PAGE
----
What a delight this book was! It's set in the 1920s and the main character is a witty flapper, Phryne Fisher. As a proper flapper she is provocative and openly sexual, witty, fun to follow around, she carries a small gun, and she knows how to drive a sports car. There are some over the top things, like the fact she was taught how to use a knife by an Apache (Parisian gang) and a gigolo taught her tango. But she is definitely not a flat, typified flapper character. The author gave her depth with little things throughout the whole book. I have to say, I adore her!
Even though the author spends quite some time on describing her clothes and her love adventures, the story isn't shallow and these things actually help to create strong and independent female character. The book also shows variety of women, some who are in quite undesirable situation, all trying to live a happy and fulfilling life in this (still) very patriarchal world. And Phryne's good friend is a female doctor, called suffragette by other characters, whose inspiration is Dr Garrett Anderson.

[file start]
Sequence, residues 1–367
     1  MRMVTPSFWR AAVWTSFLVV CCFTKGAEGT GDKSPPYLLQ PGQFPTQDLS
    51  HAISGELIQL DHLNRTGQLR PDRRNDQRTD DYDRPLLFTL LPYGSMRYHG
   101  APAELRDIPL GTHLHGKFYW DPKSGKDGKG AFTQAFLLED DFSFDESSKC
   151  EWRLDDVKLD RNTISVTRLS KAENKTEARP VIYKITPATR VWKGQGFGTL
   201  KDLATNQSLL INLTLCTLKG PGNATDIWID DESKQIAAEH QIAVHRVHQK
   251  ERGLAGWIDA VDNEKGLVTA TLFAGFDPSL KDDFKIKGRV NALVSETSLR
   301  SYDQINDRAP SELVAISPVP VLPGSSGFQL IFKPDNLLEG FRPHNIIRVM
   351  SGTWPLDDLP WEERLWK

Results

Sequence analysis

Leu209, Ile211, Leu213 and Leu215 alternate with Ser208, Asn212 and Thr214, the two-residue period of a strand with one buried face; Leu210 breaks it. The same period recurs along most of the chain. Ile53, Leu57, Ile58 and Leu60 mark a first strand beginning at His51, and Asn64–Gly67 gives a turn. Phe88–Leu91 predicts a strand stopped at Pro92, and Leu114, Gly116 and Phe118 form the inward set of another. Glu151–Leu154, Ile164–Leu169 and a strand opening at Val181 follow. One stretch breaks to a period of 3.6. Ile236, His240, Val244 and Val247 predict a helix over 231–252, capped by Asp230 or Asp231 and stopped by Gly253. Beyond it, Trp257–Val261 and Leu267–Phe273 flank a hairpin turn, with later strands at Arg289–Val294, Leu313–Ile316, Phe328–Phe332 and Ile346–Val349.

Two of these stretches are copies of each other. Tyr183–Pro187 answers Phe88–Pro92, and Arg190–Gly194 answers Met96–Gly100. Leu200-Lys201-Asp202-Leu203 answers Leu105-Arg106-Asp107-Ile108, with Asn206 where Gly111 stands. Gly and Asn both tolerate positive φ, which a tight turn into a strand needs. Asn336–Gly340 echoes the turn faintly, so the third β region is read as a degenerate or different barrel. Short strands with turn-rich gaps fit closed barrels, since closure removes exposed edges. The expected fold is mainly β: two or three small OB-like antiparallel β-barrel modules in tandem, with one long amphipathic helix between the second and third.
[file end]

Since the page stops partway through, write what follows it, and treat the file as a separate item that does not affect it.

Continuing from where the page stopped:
Despite the length (175 pages) of the book even other characters are quite well developed. I especially like Bert and Cec, though their red political orientation isn't something I'm crazy about.
All in all, it was a fun and light read with some serious stuff on the background. I already bought other four books in the series. :)...more
This is a historical fiction and the author did a great research, but as she herself admitted, there were times when the plot was more important. But it didn't really bother me, because otherwise it was a really enjoyable and fun read.